“I’m A Mac” Apple Becomes Most Highly Valued Company In U.S. History

On the heels of Apple reaching record high stock values, was a report that competitor Dell missed forecasts yet again.

Full Disclosure: “I’m a Mac.”  I joked that I “did” Windows only under duress and with a paycheck and a dental plan. Having sampled the other flavors of Unix/Linux, they stayed in the *nix Baskin-Robbins freezer. My ex-wife is the IT professional. Not me. I’m a writer.

Being inquisitive, I shamelessly violated every warranty within hours, defying a Steve Jobs dictum of not peering inside the soul of the machine. Jobs went for his “final upgrade” last year, so hopefully the father of the “Reality Distortion Field” won’t spin in his grave. Incidentally, the Apple co-founder’s house was burglarized lately, and a clown (a real one) ended up with one of Jobs’ purloined iPads.

Yes, I did see the original Macintosh team’s signatures molded into the inside of the back case of the original Macs. I found out the hard way how many thousands of volts come from a flyback transformer; fortunately, monochrome monitors shocked you a lot less than a color one. I lived to tell the tale, albeit with a hair style sometimes resembling that of the freshly late comedienne Phyllis Diller.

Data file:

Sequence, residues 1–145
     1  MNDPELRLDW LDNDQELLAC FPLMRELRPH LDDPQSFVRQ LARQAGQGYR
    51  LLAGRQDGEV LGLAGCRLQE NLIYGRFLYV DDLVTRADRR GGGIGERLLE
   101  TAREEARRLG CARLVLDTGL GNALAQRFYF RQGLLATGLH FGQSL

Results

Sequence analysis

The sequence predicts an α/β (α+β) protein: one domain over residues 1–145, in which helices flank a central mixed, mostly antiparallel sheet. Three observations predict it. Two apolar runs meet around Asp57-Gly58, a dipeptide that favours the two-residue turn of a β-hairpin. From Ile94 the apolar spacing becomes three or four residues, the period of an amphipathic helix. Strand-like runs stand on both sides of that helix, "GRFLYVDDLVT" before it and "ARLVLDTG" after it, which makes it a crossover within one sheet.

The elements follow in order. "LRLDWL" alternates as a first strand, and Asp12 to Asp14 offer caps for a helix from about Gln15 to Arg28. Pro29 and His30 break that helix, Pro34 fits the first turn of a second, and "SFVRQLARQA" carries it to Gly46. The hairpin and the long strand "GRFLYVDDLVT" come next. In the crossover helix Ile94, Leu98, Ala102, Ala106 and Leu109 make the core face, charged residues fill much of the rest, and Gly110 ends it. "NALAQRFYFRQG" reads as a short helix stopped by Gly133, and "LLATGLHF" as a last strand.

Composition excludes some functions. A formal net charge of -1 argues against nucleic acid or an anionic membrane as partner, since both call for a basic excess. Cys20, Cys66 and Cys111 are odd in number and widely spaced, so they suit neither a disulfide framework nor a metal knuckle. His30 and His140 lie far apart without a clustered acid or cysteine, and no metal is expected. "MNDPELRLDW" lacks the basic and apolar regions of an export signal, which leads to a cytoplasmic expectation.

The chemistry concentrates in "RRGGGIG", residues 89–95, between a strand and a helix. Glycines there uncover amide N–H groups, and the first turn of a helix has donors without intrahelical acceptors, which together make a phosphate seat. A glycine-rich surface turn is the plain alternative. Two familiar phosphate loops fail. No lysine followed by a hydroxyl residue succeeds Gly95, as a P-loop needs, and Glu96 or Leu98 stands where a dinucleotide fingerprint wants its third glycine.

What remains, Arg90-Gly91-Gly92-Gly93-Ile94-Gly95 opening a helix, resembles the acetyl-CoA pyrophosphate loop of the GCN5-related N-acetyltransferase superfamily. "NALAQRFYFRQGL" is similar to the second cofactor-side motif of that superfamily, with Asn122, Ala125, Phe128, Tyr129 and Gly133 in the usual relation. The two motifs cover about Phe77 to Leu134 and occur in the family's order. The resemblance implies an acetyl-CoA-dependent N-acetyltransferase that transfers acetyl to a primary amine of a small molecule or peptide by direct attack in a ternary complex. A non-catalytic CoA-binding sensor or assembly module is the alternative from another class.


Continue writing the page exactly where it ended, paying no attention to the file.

I remember “Bombs”, “Sad Macs”, and the occasional “Easter Eggs.” MacOS’ successor, Mac OS X, has continuously evolved in its’ eleven years, and I don’t see the old error message icons any more. Not missed.

I found my Macs just worked. I learned to upgrade, and to fix things over the years. Sure, I would end up occasionally on a Windows box when an application or a paycheck required it, but I always came back. Newspapers still live on Macs, so I didn’t get strange looks there when I said: “I’m a Mac.”

In 1997, Michael Dell said words he would later live to eat:

“What would I do? I’d shut it [Apple] down and give the money back to the shareholders.”

In the years that followed, Apple would soar with new products, and Dell nose-dived. Innovative designs would flourish in Apple’s Cupertino, while the WalMartian “race for the cheapest” vanilla strategy of Michael Dell’s Texas bravado was debunked almost as badly as Texas Gov. Rick Perry (R)’s campaign claims of a “Texas miracle” of low paying jobs without health coverage. Unlike Perry, however, Michael Dell didn’t have to sleep on the couch because he came home in defeat without pasture princess Anita Perry’s rose garden she had her heart set on.

ZDNet’s David Morgenstern wrote in 2010:

“In 2006, Apple market cap passed Dell’s. In 2008, Apple cap was 4x Dell’s.

At the end of the day this past Friday, Apple’s market cap topped $287 billion. The same day, Dell’s market cap stood at $28B[illion].”

It’s 2012. Apple market value has soared to the highest of any company in U.S. historyDell disappoints investors again. Michael Dell gets to chew the brown bravado caked on the soles of his Tony Lama cowboy boots.

Looking back, “1984 wasn’t like 1984.” And I’m STILL a Mac.